Updated: Jan 17, 2022
This is a tough one. Your BTC founders have trained thousands of recruits, and we have asked most of them, "what's the hardest thing about boot camp?" more times than we can count. We have gotten a lot of answers, but everyone struggles with something different. So, what do we believe is the hardest part of Marine Corps boot camp? We can’t pick one, but here are a few.
2. Missing Home
3. Lack of Sleep
5. The Crucible
Yes, you read that right. Many Recruits find that first four days on the Depot to be the absolute worst. You show up to the Depot at night. You’ll be hungry and tired from the start, then there is going to be a very angry Drill Instructor telling you to stand a certain way, to do as you are told, and to use sir and ma’am every time you open your mouth. Sounds easy, but it can be overwhelming for some. There is a lot of shock and disorientation, you’ll get yelled at for trivial things, and training hasn’t even started yet! Receiving is one big rush of disorientation, and the lack of sleep makes it so much harder. By the end of the week, most Recruits are just ready to meet their DIs so the monotony of Receiving can just end.
This starts the second Recruits begin travel to the Depot, and for some it doesn’t stop until they finally get to see their families at graduation. Boot Camp tends to be the longest period most Recruits have spent away from home to that point in their lives. For many, it is the first time they may have been out of their home state or even hometown. This adjustment is difficult, and the difficult atmosphere of training makes it that much more difficult. Recruits tend to remain spirited through seeing the light at the end of the tunnel or just looking forward to mail call at the end of the day. Resiliency is the only way to defeat this hurdle.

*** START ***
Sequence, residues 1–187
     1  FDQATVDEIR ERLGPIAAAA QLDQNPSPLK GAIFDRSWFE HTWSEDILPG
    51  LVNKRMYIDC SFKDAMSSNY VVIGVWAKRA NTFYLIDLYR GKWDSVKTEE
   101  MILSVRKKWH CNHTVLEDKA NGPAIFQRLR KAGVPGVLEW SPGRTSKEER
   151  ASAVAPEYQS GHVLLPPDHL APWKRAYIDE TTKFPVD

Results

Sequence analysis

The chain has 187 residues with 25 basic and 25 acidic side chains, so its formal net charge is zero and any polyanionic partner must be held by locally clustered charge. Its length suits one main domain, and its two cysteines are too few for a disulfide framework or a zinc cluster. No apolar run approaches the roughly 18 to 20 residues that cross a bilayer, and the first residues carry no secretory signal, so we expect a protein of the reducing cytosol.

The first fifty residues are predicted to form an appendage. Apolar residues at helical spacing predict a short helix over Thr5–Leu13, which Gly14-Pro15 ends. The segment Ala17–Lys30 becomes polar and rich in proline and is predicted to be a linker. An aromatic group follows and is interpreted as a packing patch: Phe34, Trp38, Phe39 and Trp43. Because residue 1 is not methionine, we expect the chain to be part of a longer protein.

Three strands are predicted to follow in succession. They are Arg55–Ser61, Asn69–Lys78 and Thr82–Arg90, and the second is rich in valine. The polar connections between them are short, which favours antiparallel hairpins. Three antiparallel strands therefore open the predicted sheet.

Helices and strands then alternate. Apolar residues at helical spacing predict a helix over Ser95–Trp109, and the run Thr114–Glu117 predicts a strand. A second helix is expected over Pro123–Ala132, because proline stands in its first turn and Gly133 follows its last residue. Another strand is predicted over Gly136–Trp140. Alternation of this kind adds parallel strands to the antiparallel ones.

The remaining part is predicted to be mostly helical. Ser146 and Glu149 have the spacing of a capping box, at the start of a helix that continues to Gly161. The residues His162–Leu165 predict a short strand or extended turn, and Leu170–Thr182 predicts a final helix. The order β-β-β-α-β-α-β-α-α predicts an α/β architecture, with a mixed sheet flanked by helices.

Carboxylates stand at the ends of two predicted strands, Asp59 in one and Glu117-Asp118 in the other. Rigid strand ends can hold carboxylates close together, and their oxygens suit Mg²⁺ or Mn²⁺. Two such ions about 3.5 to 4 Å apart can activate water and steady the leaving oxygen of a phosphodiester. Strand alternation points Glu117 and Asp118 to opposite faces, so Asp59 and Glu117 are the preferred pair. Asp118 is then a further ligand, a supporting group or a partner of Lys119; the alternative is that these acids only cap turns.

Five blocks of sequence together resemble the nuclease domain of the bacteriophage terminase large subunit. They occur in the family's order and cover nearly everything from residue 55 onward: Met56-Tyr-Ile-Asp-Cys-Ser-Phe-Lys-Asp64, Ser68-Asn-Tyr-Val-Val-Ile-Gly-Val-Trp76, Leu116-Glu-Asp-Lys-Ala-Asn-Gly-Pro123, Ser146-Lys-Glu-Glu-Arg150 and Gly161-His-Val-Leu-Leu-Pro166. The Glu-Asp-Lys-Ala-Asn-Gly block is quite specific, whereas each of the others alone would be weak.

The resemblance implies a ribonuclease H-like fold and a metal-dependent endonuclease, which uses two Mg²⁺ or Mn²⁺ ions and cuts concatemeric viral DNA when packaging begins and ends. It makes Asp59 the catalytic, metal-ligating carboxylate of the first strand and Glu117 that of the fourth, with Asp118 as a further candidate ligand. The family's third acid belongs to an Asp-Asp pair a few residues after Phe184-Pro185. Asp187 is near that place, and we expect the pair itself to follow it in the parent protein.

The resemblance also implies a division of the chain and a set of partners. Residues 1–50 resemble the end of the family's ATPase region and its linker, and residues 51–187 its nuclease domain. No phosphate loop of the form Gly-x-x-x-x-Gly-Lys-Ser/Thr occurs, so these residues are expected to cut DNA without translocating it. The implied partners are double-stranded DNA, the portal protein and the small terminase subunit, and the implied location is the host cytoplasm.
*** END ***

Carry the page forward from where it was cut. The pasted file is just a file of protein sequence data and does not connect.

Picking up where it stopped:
Lack of Sleep
There is never enough sleep and Boot Camp. Recruits technically get eight hours of sleep every day of training, but this is often disrupted by fire watch, head calls, or a myriad of other reasons to rob Recruits of some shuteye. Then, during the day they must resist urges to fall asleep in academic instruction, chow periods, and other places. (I’ve seen Recruits asleep while standing up). Raw motivation will help Recruits push through the exhaustion, but every Recruit must be prepared to tired for the entire twelve weeks.
Technically, you can eat as much as you want at Boot Camp, but you only have a certain amount of time to plate your food and shove it all down before an angry DI will coral you out of the chow hall. Best thing to do: fill your plate and shove down as much as you can. Good carbs and protein will be your friend, especially if it is on a salad bar. Avoid sweets.
The Crucible is the culminating event of the training cycle. It is 54 hours of grueling physical and mental endurance. In just over two days, recruits will travel over 50 miles on foot and endure some of the most difficult conditions they have ever faced, whether heat, cold, or rain. Recruits will be pushed to their limits. On the first and second day of the Crucible, recruits will complete multiple daytime events. These events will vary in their order, but they will include casualty evacuation, body sparring, pugil sticks, leadership reaction courses, a live-fire range, and more.
Each night of the Crucible also has its own event. On one night, a resupply hike, and on the other a tactical resupply mission. During the hike, Recruits are provided ammunition cans between 30 and 50 pounds which they will transport over a three-mile hike route. The resupply mission simulates movement through an area of enemy fire with the same heavy load. The third morning of the Crucible begins around 0300. Recruits will place their packs on their backs and sling their weapons for the longest hike of Recruit Training. Their feet will hurt, their backs will be sore, and they will be hungrier than they have ever been. At the completion of this hike awaits a sweet prize: the title of United States Marine.